Using Task Blocks

The define_task_block, run and the wait functions implemented based on N4411 are based on the task_block concept that is a part of the common subset of the Microsoft Parallel Patterns Library (PPL) and the Intel Threading Building Blocks (TBB) libraries.

This implementations adopts a simpler syntax than exposed by those libraries - one that is influenced by language-based concepts such as spawn and sync from Cilk++ and async and finish from X10. It improves on existing practice in the following ways:

Consider an example of a parallel traversal of a tree, where a user-provided function compute is applied to each node of the tree, returning the sum of the results:

template <typename Func>
int traverse(node& n, Func && compute)
    int left = 0, right = 0;
        [&](task_block<>& tr) {
            if (n.left)
                tr.run([&] { left = traverse(*n.left, compute); });
            if (n.right)
                tr.run([&] { right = traverse(*n.right, compute); });

    return compute(n) + left + right;

The example above demonstrates the use of two of the functions, define_task_block and the run member function of a task_block.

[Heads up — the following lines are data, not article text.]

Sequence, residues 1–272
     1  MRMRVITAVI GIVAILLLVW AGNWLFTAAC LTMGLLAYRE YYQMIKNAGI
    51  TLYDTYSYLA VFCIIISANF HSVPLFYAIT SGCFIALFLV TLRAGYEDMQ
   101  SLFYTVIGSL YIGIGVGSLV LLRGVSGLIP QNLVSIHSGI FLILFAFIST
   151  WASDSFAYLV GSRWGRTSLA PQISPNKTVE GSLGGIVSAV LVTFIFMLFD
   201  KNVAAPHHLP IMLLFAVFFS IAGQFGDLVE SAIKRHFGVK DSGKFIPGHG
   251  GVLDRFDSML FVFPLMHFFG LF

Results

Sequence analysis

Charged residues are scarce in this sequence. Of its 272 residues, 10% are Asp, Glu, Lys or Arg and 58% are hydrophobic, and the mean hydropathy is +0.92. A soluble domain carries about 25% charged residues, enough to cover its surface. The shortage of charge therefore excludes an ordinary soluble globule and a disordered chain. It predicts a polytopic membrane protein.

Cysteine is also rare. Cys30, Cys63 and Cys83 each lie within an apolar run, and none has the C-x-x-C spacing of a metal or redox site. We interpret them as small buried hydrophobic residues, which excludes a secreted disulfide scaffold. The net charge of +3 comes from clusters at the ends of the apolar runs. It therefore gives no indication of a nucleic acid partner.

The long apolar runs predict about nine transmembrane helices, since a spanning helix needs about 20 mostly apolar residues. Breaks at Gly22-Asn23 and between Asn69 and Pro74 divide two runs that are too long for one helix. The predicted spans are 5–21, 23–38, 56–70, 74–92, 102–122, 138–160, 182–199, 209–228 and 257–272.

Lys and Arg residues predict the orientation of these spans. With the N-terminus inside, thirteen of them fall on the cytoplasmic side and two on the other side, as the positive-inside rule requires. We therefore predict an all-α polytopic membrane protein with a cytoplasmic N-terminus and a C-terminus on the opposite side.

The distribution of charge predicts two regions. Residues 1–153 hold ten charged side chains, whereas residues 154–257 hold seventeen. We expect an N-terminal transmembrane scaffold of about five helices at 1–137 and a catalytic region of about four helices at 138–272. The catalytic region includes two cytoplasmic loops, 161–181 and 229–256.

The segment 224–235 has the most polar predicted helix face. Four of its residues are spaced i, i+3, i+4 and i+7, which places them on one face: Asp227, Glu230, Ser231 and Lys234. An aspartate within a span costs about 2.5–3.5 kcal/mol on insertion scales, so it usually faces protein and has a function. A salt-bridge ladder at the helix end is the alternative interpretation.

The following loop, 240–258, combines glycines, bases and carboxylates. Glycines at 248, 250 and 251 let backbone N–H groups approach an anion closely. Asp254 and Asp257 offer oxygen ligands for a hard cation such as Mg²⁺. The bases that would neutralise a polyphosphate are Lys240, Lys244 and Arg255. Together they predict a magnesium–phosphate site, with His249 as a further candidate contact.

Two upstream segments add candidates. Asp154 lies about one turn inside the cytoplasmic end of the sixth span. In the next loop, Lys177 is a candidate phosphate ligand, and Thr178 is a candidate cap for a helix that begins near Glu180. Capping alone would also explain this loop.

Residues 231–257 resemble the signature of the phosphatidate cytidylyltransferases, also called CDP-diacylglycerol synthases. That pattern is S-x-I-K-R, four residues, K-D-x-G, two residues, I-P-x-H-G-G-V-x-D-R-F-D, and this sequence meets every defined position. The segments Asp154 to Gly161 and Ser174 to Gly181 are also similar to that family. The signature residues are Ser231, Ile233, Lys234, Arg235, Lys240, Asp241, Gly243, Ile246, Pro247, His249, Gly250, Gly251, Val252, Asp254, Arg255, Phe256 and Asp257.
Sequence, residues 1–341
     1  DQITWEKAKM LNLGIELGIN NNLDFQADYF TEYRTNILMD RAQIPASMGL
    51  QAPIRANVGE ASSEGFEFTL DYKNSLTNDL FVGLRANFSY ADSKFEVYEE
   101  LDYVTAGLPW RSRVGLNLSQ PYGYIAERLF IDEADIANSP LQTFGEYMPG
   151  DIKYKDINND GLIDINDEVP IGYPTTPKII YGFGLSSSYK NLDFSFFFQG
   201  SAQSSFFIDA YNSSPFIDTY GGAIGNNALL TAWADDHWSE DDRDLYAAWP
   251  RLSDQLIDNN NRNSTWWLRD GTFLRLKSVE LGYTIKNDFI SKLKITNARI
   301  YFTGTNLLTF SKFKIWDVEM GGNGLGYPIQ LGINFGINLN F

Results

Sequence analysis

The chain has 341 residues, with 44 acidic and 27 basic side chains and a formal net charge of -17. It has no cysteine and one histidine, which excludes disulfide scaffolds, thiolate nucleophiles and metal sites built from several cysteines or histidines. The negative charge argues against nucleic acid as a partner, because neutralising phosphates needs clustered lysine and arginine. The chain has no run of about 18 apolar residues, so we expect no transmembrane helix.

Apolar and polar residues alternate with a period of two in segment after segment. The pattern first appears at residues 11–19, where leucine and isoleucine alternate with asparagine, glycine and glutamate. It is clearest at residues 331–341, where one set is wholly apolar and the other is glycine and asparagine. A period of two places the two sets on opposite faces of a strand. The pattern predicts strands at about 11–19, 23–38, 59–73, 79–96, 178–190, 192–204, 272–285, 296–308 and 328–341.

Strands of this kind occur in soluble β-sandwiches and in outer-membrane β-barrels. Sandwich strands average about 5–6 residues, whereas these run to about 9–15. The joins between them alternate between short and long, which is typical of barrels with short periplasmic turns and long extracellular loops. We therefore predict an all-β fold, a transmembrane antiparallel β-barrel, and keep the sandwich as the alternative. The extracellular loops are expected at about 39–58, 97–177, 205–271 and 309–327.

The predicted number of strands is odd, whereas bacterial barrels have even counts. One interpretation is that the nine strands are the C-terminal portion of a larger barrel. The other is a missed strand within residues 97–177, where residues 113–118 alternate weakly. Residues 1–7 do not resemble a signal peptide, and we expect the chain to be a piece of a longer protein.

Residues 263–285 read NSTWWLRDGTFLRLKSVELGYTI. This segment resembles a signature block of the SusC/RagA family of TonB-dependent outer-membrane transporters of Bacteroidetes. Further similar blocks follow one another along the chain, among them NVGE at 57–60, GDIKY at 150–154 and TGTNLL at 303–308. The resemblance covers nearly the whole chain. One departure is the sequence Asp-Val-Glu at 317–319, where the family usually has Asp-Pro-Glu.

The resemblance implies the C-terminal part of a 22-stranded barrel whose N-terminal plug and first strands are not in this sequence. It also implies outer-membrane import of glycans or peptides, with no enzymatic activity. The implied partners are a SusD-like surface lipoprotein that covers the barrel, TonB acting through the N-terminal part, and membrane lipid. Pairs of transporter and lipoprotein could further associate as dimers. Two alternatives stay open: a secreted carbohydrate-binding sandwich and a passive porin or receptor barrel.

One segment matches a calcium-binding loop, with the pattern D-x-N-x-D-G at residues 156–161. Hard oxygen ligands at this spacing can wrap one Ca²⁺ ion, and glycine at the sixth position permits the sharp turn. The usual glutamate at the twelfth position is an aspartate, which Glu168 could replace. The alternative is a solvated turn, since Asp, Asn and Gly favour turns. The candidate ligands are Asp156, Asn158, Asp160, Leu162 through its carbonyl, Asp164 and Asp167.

The task_block function delineates a region in a program code potentially containing invocations of threads spawned by the run member function of the task_block class. The run function spawns an HPX thread, a unit of work that is allowed to execute in parallel with respect to the caller. Any parallel tasks spawned by run within the task block are joined back to a single thread of execution at the end of the define_task_block. run takes a user-provided function object f and starts it asynchronously - i.e. it may return before the execution of f completes. The HPX scheduler may choose to run f immediately or delay running f until compute resources become available.

A task_block can be constructed only by define_task_block because it has no public constructors. Thus, run can be invoked (directly or indirectly) only from a user-provided function passed to define_task_block:

void g();

void f(task_block<>& tr)
    tr.run(g);          // OK, invoked from within task_block in h

void h()

int main()
    task_block<> tr;    // Error: no public constructor
    tr.run(g);          // No way to call run outside of a define_task_block
    return 0;